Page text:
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Geology

The Mohs Hardness Scale: Comparing the hardness of minerals

Infographic on the Mohs Mineral Hardness Scale. The graphic shows the scale, which runs from 0-10, and also highlights a number of minerals with their point on the scale. Key reference minerals for each point on the scale are also shown: 1 = talc, 2 = gypsum, 3 = calcite, 4 = fluorite, 5 = apatite, 6 = feldspar, 7 = quartz, 8 = topaz, 9 = corundum, 10 = diamond.
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Diamond is commonly known to be the hardest material, but how do other minerals compare with each other? That’s the question the Mohs hardness scale, introduced by Friedrich Mohs in 1812, aims to answer. This graphic looks at his scale and where different minerals and other substances appear on it.

Mohs’ scale is a simple way of comparing the hardness of different minerals. The scale is built on comparisons — a mineral that scratches another is designated as having a higher value for hardness. These values are essentially a giant ranking system, in that they’re all relative. There’s no fixed value of hardness between the different numbers in the scale — in fact, diamond at 10 is several times harder than corundum at 9, but corundum is only around twice as hard as topaz at 8.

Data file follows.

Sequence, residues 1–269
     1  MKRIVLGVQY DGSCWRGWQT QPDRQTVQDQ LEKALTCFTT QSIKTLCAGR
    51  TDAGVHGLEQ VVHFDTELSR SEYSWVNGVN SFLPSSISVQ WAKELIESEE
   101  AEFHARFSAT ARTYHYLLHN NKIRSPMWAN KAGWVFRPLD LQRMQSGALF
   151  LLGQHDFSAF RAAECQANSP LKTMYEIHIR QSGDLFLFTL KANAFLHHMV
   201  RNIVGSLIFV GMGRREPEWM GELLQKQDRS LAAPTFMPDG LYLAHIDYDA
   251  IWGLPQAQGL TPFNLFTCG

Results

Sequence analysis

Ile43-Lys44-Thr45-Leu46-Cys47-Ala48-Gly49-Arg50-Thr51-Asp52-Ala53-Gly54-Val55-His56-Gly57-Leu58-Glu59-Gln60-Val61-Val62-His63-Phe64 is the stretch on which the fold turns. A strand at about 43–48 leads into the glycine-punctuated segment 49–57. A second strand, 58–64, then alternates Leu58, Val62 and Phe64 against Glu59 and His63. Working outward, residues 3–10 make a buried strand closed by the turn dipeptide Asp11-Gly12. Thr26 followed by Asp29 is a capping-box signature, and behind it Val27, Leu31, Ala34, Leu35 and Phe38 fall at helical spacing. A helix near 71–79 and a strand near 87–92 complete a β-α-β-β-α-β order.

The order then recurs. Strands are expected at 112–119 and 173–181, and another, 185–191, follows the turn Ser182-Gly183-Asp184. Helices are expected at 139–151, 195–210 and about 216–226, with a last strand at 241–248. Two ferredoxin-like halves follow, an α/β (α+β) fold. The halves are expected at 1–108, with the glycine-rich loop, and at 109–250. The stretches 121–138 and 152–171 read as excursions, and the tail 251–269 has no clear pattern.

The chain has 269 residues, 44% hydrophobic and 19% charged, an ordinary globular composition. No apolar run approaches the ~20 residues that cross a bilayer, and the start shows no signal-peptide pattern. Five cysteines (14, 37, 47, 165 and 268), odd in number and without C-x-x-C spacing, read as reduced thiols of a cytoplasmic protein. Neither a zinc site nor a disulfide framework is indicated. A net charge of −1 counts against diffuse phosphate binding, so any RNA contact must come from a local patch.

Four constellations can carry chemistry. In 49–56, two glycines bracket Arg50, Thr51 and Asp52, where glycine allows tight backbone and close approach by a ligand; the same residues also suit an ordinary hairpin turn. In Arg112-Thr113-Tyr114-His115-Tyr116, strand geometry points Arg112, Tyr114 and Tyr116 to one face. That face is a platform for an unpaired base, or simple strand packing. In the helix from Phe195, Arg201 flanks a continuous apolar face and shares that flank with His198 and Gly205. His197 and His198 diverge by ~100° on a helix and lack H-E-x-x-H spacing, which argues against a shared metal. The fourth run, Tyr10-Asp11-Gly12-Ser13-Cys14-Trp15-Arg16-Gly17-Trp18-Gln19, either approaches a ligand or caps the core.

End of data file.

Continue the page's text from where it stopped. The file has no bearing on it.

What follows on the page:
You’d be forgiven for wondering, given this variability between points on the scale, what its use is. It’s particularly useful for geologists in the field who can use known reference materials or minerals to scratch unknown minerals and estimate where on the scale they sit, aiding their identification.

Some of the additional items I’ve included on the scale in the graphic are relevant to the reference materials geologists may use — for example, fingernails, copper coins, steel knives, and ceramic streak plates. I’ve also included some other non-mineral substances on the scale for reference, such as some common metals and some other materials noted for their high hardness, like tungsten carbide.

Is diamond really the hardest material known? In terms of naturally-occurring substances, the answer appears to be yes, though lab-grown materials are providing potential challengers, as this article summarises.

I’ll finish by concluding that I’m not a geologist, and this isn’t intended to be a comprehensive chart — there are many more minerals out there than it was possible to include on it! However, I’ve tried to include a representative spread of minerals. Shout in the comments if you’ve noted any glaring omissions!

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